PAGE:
A rolled or twisted ankle is probably the most common injury shared by sport and tactical athletes. Whether you stepped in a hole or landed awkwardly on uneven terrain, your ankle steps up to the challenge of keeping your brain and body upright. The ligaments that attach your ankle bones together may stretch or tear in the process, known as a sprain injury.
The vast majority of ankle sprains occur due to the foot rolling inward toward the opposite foot. You may have heard or felt a “pop” in the ankle when it rolled, followed by a sharp pain on the little toe side (“lateral” side) of your ankle. Most ankle sprains will bruise and swell within 24 hours of injury. Even the simplest ankle sprain can take 2-4 weeks to heal. During this time, low or non-impact exercise such as cycling and swimming yield the most benefits.
Too often, lateral ankle sprains cause problems many years after injury due to incomplete recovery or unidentified collateral damage to the peroneal tendons. There’s a name for this catch-all condition of poor ankle performance - chronic ankle instability - and it can be a significant source of disability for athletes attempting to compete at the highest levels.
To avoid chronic ankle instability, make sure you regain all of your ankle mobility, strength, and balance after a sprain injury. There is a chain reaction that travels up the leg with every step - if the ankle doesn’t move correctly, compensations and pain can be felt through the knee, hip, and lower back. Do you know who can help you identify if you have a residual ankle issue that’s causing other problems? You guessed it, a physical therapist!
We’ve seen that a twisting injury can cause a host of problems on the outer side of the ankle. It can also affect the foot, where the direct impact causes a crushing or twisting force that injures the 5th metatarsal bone. A Jones fracture is a break at the near-end of the bone that runs along the outer (little toe) side of the foot. The injury is more common in people with high arches who are naturally more susceptible to rolling their ankles.
While your ankle may hurt, a Jones fracture causes pain, swelling, and bruising on the outside of your foot below the ankle. You may notice the pain to be “aching” rather than sharp. An inability to walk without a limp for days after an injury is a sign you may have a fracture, and need to seek care.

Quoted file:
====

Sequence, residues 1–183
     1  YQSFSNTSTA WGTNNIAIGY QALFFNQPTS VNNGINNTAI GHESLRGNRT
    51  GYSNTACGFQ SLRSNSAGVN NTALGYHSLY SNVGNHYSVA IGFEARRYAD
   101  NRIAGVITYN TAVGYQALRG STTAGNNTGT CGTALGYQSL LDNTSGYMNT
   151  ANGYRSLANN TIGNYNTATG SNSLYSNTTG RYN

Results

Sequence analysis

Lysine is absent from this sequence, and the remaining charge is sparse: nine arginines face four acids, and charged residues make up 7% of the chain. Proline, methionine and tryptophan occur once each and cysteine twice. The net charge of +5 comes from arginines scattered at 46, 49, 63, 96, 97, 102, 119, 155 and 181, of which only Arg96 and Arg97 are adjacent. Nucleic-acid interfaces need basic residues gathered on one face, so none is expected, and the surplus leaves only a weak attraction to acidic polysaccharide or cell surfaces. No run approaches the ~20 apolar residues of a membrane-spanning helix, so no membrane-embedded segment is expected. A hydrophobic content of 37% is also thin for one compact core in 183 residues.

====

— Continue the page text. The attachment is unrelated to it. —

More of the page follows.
Due to its unique location that sustains high impact forces and possesses a low blood supply, a Jones fracture can be quite slow to heal. While surgery is not always required, in some cases, it may actually help the athlete return more quickly to competition. If you felt a “pop,” develop worsening swelling or bruising along the outer foot, or continue to limp despite rest, see a sports medicine professional soon as possible to receive the appropriate tests and imaging.
In this article series, we covered some common (and not so common) injuries that can occur as the result of selection events. As you may already know, many aches and pains will heal on their own with sufficient rest and recovery. However, some injuries won’t directly go away with time. If pain or injury is keeping you from training, don’t waste your time by ignoring the issue. When you have the opportunity to get answers from a professional, do it!
Dr. Rita Chorba is a physical therapist who specializes in helping tactical athletes maintain career (and life) longevity. She transitioned from a career working with athletes at the University of Arizona to the Marine Special Operations community aboard Camp Lejeune. She is currently in private practice and writes for the Marine Raider Patch magazine and her blog at www.alphapnr.com.